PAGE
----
New research could provide a safe, low-tech method for treating newborn jaundice. The project offers an effective and inexpensive solution for developing countries, where more than 150,000 babies each year suffer brain damage or death due to this serious health condition.
The study, published in the latest issue of the New England Journal of Medicine, was led by Tina Slusher, M.D., associate professor of pediatrics at the University of Minnesota. Two other UMN researchers, Ann Brearley, Ph.D., and Troy Lund, M.D., Ph.D., helped with the study. In addition, researchers at the Stanford School of Medicine, University of California-San Diego, and Island Maternity Hospital, Massey Street Children’s Hospital and Hearing International Nigeria in Lagos all contributed to the project.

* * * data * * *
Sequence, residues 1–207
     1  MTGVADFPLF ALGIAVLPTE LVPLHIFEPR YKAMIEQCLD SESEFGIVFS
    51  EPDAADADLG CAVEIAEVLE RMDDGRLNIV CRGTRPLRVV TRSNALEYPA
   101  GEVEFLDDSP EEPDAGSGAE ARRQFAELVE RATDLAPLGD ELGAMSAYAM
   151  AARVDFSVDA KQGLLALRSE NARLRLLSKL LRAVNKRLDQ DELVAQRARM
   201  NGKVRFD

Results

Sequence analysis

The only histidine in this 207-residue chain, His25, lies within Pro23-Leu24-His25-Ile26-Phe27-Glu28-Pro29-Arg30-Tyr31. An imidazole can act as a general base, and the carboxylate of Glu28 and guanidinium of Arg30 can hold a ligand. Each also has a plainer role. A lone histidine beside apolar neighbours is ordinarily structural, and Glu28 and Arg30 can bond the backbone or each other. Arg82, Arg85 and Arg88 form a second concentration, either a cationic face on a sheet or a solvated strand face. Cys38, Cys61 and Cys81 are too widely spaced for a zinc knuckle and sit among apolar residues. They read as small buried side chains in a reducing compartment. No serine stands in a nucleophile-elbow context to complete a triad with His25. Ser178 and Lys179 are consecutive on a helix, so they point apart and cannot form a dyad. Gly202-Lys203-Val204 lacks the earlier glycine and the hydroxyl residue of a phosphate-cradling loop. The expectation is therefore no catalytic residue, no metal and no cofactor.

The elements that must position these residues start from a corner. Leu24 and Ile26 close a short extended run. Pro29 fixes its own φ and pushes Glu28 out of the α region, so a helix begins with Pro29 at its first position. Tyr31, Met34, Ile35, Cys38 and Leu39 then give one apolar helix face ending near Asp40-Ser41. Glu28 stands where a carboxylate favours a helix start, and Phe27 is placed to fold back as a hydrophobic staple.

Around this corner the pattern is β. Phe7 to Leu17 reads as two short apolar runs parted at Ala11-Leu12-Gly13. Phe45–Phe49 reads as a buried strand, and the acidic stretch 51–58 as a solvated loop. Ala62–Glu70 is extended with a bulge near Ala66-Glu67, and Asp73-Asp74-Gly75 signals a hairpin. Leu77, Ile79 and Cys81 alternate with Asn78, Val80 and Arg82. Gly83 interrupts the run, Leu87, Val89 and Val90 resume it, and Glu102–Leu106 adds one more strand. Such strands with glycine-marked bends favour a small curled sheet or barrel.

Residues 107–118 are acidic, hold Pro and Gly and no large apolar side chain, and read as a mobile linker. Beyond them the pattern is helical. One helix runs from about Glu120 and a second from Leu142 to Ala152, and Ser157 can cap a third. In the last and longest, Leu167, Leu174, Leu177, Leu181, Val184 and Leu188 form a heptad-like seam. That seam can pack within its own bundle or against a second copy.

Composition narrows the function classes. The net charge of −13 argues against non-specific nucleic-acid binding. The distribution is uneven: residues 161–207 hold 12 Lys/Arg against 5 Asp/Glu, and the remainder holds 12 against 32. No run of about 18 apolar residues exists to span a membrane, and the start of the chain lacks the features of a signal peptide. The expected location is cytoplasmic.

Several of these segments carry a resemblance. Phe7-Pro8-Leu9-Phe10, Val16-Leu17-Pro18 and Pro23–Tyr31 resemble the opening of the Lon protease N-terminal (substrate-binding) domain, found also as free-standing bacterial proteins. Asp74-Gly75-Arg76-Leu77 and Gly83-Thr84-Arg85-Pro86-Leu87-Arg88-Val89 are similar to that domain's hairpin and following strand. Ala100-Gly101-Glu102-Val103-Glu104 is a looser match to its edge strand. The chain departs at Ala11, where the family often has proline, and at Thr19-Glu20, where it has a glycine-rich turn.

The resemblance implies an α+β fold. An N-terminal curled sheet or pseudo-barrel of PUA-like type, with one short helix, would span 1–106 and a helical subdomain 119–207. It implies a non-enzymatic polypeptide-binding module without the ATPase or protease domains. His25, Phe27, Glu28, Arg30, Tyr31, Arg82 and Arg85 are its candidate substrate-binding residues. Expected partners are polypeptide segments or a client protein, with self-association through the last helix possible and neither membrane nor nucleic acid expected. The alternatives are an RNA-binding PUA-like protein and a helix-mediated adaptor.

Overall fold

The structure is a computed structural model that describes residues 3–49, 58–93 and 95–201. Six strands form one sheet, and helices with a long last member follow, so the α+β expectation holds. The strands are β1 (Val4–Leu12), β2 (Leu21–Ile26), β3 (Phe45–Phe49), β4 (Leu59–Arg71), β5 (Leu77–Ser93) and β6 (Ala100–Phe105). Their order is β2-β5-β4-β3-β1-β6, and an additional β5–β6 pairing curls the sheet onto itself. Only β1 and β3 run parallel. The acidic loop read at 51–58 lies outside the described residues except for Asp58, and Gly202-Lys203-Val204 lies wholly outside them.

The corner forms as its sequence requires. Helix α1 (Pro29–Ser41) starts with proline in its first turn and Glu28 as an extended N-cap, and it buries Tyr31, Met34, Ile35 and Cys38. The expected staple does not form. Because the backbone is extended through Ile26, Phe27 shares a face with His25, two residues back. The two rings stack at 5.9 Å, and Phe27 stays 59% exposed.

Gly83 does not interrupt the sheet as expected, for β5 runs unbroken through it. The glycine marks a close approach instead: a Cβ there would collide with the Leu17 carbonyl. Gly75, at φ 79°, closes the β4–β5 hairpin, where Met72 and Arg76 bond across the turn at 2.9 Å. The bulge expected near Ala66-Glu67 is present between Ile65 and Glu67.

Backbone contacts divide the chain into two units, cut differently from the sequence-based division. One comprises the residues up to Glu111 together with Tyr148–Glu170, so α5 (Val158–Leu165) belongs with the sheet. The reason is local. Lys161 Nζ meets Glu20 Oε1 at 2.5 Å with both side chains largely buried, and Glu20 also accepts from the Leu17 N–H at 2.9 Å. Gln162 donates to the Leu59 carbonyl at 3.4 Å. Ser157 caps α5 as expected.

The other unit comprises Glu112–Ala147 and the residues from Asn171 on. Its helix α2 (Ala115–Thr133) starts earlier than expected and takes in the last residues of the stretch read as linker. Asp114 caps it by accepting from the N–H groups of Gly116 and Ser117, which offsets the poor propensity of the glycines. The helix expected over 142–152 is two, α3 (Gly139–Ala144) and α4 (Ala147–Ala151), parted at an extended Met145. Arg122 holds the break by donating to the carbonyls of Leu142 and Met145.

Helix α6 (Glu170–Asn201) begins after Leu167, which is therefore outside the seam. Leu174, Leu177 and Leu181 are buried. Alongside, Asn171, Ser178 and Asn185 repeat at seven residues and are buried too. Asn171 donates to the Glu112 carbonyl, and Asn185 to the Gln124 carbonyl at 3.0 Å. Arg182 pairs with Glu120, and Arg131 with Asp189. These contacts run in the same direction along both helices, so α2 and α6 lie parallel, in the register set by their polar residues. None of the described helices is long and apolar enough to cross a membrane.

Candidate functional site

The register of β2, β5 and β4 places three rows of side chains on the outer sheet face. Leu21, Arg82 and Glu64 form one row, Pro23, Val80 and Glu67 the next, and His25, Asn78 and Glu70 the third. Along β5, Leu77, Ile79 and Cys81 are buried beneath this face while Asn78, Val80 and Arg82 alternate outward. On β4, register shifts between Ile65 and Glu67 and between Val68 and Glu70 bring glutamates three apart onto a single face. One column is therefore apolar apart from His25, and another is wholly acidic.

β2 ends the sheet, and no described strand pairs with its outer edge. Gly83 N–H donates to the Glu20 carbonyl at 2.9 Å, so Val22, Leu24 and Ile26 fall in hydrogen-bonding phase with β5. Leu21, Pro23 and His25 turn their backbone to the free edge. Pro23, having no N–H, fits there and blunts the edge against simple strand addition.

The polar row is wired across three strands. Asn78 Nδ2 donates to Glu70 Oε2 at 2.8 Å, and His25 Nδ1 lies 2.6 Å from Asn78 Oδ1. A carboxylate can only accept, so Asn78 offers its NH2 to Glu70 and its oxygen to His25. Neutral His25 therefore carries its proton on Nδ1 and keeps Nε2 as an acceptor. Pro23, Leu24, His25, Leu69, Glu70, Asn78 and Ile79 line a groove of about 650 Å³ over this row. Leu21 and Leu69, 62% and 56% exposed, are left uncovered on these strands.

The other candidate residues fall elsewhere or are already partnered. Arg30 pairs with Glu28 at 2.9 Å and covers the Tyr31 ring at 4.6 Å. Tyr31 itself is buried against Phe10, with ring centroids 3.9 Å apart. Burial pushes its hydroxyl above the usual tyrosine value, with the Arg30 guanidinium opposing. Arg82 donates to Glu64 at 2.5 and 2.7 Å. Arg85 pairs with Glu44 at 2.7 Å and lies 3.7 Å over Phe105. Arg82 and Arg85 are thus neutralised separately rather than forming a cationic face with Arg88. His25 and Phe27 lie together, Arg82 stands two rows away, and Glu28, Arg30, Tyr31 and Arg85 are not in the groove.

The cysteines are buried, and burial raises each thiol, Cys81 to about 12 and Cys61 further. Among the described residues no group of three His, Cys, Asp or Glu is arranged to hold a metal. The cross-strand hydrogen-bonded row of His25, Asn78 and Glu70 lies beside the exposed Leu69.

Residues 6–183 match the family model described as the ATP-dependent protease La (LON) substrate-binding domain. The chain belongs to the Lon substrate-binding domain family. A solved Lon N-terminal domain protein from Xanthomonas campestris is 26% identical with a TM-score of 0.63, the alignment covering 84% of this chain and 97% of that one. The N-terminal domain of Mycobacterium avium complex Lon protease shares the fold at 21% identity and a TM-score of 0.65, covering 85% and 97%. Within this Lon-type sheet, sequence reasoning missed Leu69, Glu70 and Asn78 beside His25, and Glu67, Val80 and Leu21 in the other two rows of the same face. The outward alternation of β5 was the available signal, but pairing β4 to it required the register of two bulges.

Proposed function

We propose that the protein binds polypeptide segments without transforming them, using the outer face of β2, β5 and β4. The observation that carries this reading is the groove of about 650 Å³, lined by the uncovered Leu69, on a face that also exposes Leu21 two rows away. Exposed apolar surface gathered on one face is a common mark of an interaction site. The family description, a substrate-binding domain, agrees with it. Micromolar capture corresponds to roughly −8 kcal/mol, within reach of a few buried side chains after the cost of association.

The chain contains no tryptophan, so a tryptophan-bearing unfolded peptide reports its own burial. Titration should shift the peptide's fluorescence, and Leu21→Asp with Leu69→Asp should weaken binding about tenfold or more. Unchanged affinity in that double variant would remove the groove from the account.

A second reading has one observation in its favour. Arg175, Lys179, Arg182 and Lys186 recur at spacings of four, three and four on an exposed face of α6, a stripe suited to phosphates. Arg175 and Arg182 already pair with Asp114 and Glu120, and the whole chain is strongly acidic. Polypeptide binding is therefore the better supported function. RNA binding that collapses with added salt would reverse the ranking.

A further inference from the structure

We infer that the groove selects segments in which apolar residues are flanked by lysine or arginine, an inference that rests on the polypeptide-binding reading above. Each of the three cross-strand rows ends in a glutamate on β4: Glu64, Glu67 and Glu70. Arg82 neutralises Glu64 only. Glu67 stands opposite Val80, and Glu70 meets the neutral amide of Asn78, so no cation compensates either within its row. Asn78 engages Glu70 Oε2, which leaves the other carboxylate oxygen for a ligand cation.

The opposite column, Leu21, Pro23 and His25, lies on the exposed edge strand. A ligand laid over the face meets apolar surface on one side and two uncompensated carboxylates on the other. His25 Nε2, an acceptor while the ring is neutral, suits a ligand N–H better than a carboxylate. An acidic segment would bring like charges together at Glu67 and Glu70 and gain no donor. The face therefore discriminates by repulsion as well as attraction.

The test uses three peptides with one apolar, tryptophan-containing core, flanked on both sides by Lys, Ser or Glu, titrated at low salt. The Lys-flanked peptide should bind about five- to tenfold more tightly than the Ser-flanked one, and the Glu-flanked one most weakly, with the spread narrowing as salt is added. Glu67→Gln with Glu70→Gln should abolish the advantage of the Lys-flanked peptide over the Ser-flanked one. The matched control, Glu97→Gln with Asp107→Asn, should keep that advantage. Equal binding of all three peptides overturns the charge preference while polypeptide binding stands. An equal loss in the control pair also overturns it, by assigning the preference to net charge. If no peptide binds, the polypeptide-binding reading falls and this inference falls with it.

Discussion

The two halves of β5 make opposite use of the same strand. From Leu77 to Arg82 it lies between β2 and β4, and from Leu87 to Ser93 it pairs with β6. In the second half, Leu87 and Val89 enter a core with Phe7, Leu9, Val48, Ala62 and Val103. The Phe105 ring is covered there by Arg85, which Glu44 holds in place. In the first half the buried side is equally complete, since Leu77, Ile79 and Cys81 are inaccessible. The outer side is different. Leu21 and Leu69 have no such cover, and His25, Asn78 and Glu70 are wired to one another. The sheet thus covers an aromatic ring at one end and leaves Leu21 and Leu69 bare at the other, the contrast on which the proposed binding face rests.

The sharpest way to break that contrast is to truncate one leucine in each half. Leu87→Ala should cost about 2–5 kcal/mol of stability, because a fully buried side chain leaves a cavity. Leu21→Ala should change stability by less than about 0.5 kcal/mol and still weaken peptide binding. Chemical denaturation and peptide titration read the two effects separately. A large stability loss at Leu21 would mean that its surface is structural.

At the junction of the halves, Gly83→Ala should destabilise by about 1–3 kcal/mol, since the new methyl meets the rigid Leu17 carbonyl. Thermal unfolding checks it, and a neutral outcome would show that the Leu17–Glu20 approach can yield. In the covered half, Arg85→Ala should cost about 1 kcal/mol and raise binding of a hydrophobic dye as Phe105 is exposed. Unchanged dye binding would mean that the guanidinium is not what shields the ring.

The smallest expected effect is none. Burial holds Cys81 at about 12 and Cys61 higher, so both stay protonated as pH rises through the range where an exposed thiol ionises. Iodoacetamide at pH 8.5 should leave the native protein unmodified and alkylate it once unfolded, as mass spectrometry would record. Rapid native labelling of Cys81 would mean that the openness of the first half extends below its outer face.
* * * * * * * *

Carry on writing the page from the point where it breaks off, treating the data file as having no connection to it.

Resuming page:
“There are so many areas in the world where jaundice is a big concern, but access to consistent electricity or advanced medical treatments aren’t always possible,” said Slusher. “The method we’ve outlined harnesses a natural resource in sunlight, but safely, giving parents and care providers an incredibly accessible, useful tool to treat this dangerous and common illness.”